A Legal Blog by Aaron | Sanders, PLLC


The Art of Ruling on the Free-Speech Right to Speak Online Anonymously

A Judge May Have Found a Better Way

Courts have been struggling for several years now with how treat online anonymous speech when faced with requests to unmask the identities of the anonymous speakers. I outlined the issues previously in these two blog posts, but the problem amounts to:

Balancing the right to speak anonymously (an aspect of the First-Amendment right of free speech) against the right to seek and obtain redress against wrongdoers.
The sneaking suspicion that anonymous speaker is just trying to duck answering for their wrongdoing.
The sneaking suspicion that the supposedly aggrieved party is really just trying to unmask and embarrass the anonymous speaker.

It’s not just that courts have come up with a bewildering variety of tests to balance the competing rights, it’s the breadth of attitudes that courts have displayed on this issue. Some courts really privilege the right to speak anonymously. Others don’t seem to give a toss.

Another problem is that these tests are supposed to be straightforward and easy to apply–“bright-line” rules–but in practice, they usually don’t survive their application to the next set of facts. Thus, although they’re meant to be applied broadly, they tend to be limited to the facts that gave rise to…

Read More»

The Expendables 2: Revenge of the Obscure Venue Statute

How a Switch in Time Saved 23,322 John Does (Their Identities, for Now, at Least)

In a series of posts a couple of weeks ago, I discussed an important decision out of the West Coast case* regarding anonymous internet speech.  In that decision, U.S. Judge Kollar-Kotelly refused to stop (“quash”) subpoenas that had been issued to ISPs for purpose of identifying 5829 anonymous defendants, who were accused of downloading the plaintiff’s movie using BitTorrent.  I mentioned in those posts that this was one of several such BitTorrent-movie cases pending in the District of Columbia.  A few of those other cases belong to Judge Wilkins, and Judge Wilkins has just done a remarkable thing in a case involving The Expendables:  on his own volition, he has refused to let such subpoenas even issue.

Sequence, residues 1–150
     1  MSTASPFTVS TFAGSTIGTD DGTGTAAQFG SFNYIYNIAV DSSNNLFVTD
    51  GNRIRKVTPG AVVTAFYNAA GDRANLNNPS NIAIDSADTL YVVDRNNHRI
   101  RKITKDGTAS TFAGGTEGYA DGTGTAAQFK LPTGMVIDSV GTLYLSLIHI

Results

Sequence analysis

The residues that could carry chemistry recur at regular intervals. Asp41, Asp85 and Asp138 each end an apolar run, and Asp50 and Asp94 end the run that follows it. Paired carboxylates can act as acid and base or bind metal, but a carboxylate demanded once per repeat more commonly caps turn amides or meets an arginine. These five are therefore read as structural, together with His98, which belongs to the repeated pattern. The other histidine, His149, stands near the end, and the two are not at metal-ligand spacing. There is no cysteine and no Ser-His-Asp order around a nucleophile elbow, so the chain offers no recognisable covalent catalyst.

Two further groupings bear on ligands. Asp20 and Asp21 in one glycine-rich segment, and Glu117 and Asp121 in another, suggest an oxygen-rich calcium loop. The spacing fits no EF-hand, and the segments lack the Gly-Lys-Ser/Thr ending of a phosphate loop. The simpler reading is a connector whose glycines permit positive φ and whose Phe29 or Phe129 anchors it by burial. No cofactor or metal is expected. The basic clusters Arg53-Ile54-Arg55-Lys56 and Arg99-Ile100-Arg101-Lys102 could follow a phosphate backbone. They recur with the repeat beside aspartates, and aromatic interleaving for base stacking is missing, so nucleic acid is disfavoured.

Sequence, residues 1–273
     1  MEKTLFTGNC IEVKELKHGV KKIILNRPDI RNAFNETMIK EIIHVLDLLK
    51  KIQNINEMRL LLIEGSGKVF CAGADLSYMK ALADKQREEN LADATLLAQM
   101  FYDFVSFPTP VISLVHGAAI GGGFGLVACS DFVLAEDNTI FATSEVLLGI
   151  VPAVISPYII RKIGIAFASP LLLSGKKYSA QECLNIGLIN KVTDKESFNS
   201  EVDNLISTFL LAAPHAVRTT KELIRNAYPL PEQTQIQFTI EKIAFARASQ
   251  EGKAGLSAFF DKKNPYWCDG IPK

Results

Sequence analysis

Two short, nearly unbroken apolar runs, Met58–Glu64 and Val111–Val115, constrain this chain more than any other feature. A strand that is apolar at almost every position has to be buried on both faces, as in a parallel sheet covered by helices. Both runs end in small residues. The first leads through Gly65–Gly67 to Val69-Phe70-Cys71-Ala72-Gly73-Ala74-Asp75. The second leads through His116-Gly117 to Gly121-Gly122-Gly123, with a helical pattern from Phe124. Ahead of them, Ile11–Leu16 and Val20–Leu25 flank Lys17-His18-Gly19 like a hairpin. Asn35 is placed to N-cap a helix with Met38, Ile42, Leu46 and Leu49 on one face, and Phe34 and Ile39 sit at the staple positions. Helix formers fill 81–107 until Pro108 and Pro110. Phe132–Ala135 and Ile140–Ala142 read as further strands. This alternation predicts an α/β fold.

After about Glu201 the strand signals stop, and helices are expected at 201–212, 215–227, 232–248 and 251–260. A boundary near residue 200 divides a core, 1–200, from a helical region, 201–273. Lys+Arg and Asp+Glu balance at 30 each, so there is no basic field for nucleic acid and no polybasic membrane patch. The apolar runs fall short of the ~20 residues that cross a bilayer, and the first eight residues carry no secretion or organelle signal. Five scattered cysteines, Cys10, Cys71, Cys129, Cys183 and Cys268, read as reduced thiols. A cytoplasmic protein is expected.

*  I think I sometimes accidentally called this the “Blue Coast” case.  Blue Coast is a better name than West Coast, but I should nevertheless try to get it right.  Something I didn’t realize about West Coast when I wrote those posts is that, unlike most of the other cases, the movie at issue is pornographic.  Perhaps that’s why the anonymous defendants were so motivated to protect…

Read More»

The Thrilling (Anti)Climax of WestCoast Anonymity Case

Why the Judge’s Decision Was Right (but Feels Wrong)

In my last two posts, I described the general contours of the First Amendment right to speak online anonymously, the steps a plaintiff must take to reveal an anonymous defendant’s identity, and how a defendant can try to assert those First Amendment rights.  Keep the principles, problems and paradoxes that I described in my last two posts in mind as we discuss Judge Kollar-Kotelly’s opinion, and as I explain why I think she was correct, and yet I’m dissatisfied with the result.